Pizza Marathon Day 2, Pizza 1: Soup Peddler, The Optimizer of the Money to Headache Ratio

2009 December 2
Soup Peddler David Ansel.  Note what's hanging on the wall.

Soup Peddler David Ansel. Note what's hanging on the wall.

When I had lunch with Addie Broyles last week, she introduced me to David Ansel aka The Soup Peddler.

When I was a McLovin-esque kid (sans scoring with hot chicks and torching police cars), my father dated a wonderful woman named Sue Perlo. She had two daughters, Aviva and Robin. In my awkward throes of puberty, Aviva seemed like the coolest person ever. She moved to Austin, went to Phish shows, had “experiences” (whatever those were), and generally lived a life way cooler than mine as a teenager in suburban Dallas.

One of the people she spoke of was this other hippie Jew named Dave, who made soup and delivered it around South Austin on his bike. Man, I wished that I knew cool friends who did offbeat things like thumbing their nose at the world that seemed hellbent on turning everyone into lawyers and investment bankers. South Austin sure sounded cool, and people like David made it sound cool.

15 years later, Aviva has moved on to Philly, but the soup peddler remains. He likes pizza and I like soup so we agreed to meet up.

We each wore shirts that we thought the other would find amusing. He wore a Dani’s Pizza shirt, and told this incredibly sad story of this little pizza place in NYC that he walked by one night.  It was closed at midnight, which was unusual.  The next day, there was a wreath on the door and a pizza with a slice missing.  The owner had died.

I wore my Matzah Ballstars shirt, which was my softball uniform from when I lived in SF.  As I’m sure all of you know, we made the playoffs the one year I played, not that I helped much in the effort.  But once a Matzah Ballstar, always a Matzah Ballstar.  Represent!

We each got a hot tea to combat the chilly weather.  When it came time to order toppings, I figured he’d go nuts.  After all, his soups are imaginative and ingredient-laden.  I was floored when he said he likes cheese pizza, well done.  I mean, so do I, but c’mon!  I get all the free toppings on the menu.  Garlic!  Fried eggplant!  Roasted red peppers!  I thought these things would set his mind and appetite on fire.  Nope.  He said he likes toppings that add oil, not water.  He likes the meaty toppings and settled on pepperoni for his half.  Still numb from the shock, I decided to play his game.  I only ordered one topping, my beloved anchovies.  The waiter looked a little quizzical, he had his pen out which he usually doesn’t need for most customers, who buy into Homeslice’s mantra “less is more”.  But we ordered a pizza with one topping on each half, first time ever.  David also asked that it be prepared well done.

The pizza came out in record time, and while it looked a little smaller than a large pizza should, my eyes might have been tricked by the paucity of toppings.  The crust seemed a little different, and the cheese seemed to be a more integral part of the pizza than usual.  Overall, the pizza was crunchy and cheesy, but not gooey and rich like my kitchen sink monstrosities.  I easily polished off three pieces.  Usually I can only handle two.  But it was a good experience, and should the unspeakable and unthinkable happen (don’t even think it!), I might have to get used to one topping pizzas.

David is something of a hero to me, in that he’s figured out a way to maximize what he calls the “money to headache ratio”.  After leaving the corporate paradigm-y world, he floated along the fringes of South Austin’s bohemian scene, trying to figure out something to do with himself.  He was good at making soup, so he began making soup and delivering it on his bike.  Later, as his story became widely known and his soup became widely desired, he found a proper cooking space, a truck or two, and somewhere along the way, a calling.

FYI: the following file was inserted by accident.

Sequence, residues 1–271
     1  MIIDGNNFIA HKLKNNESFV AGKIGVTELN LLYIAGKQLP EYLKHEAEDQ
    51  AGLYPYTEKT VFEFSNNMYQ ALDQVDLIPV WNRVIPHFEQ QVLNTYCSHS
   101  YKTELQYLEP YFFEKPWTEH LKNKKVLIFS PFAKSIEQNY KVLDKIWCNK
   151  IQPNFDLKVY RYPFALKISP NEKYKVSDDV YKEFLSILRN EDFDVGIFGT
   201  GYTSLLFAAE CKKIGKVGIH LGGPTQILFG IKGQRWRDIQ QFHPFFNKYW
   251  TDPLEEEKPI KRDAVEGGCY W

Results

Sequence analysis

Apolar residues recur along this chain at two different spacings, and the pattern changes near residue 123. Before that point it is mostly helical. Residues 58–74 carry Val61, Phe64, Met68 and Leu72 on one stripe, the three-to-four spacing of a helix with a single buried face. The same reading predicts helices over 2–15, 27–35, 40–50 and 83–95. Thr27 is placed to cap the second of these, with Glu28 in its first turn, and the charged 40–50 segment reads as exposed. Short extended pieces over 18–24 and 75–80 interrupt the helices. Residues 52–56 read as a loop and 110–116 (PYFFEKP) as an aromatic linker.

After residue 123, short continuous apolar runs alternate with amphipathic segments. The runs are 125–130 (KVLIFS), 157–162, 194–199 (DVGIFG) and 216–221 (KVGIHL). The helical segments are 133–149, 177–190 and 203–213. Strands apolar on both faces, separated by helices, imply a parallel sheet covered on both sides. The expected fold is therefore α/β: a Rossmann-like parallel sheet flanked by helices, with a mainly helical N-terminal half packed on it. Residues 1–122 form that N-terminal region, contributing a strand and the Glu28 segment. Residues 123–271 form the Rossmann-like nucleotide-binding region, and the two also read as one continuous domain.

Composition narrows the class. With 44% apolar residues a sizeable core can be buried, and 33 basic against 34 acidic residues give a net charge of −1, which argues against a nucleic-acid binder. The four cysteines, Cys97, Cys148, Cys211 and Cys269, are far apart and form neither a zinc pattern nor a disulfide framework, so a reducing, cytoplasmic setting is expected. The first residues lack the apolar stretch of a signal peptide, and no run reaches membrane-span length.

He’s been pitched by those who talk of “brand equity” to grow, find more distribution, etc.  But he’s happy.  He gets to cook and hang out with those he loves, has plenty of time to play with his kid and makes enough to live in South Austin while doing his thing.  As foodie culture explodes ’round here, he could no doubt hawk his stuff at the farmer’s markets, restaurants, grocery stores and wherever else, but he values the simplicity of a finely-tuned machine.  He makes soup with love, and doesn’t want to be a dick to his workers or use crappy ingredients.  It ain’t broke, and he ain’t gonna fix it.

I hope I figure out something equally charming and useful that gives me a similar money to headache ratio.  While the headache factor is low right now, so is the money factor (feel free to hire me!).  Maybe I can learn a thing or two from David.

He’s more direct than I imagined him to be, and he has a very dry sense of humor.  When I stated my theory that Homeslice pizza isn’t that bad for you (not so greasy, good ingredients, lots of veggies, etc), he shot me down quick.  Most folks let me babble on about my theory and chuckle at my presumptuousness.  He honed in on the salt factor, and didn’t buy my story for a minute.

The bill for the pizza was $15.50.  That’s child’s play!  My pizzas usually cost $30.  He picked up the teas, tip, gave me a copy of his book, and credited my Soupie account with $15.  What a sweetheart.  I can’t decide if I want to hold out to use it on his bomb-ass macaroons, which are the best I’ve ever tasted, or to get something warm like the roasted carrot bisque that caught my eye this week.  I hope he didn’t notice the dropoff in my soup ordering right around the time I won free pizza…

On the way out, we saw two of the owners, including Jen, who I’d never met.  I got a clarification that for the upcoming HOES contest, diapers/catheters are not allowed.  We have to rock it the old fashioned way: iron will power.  Competitors take note.

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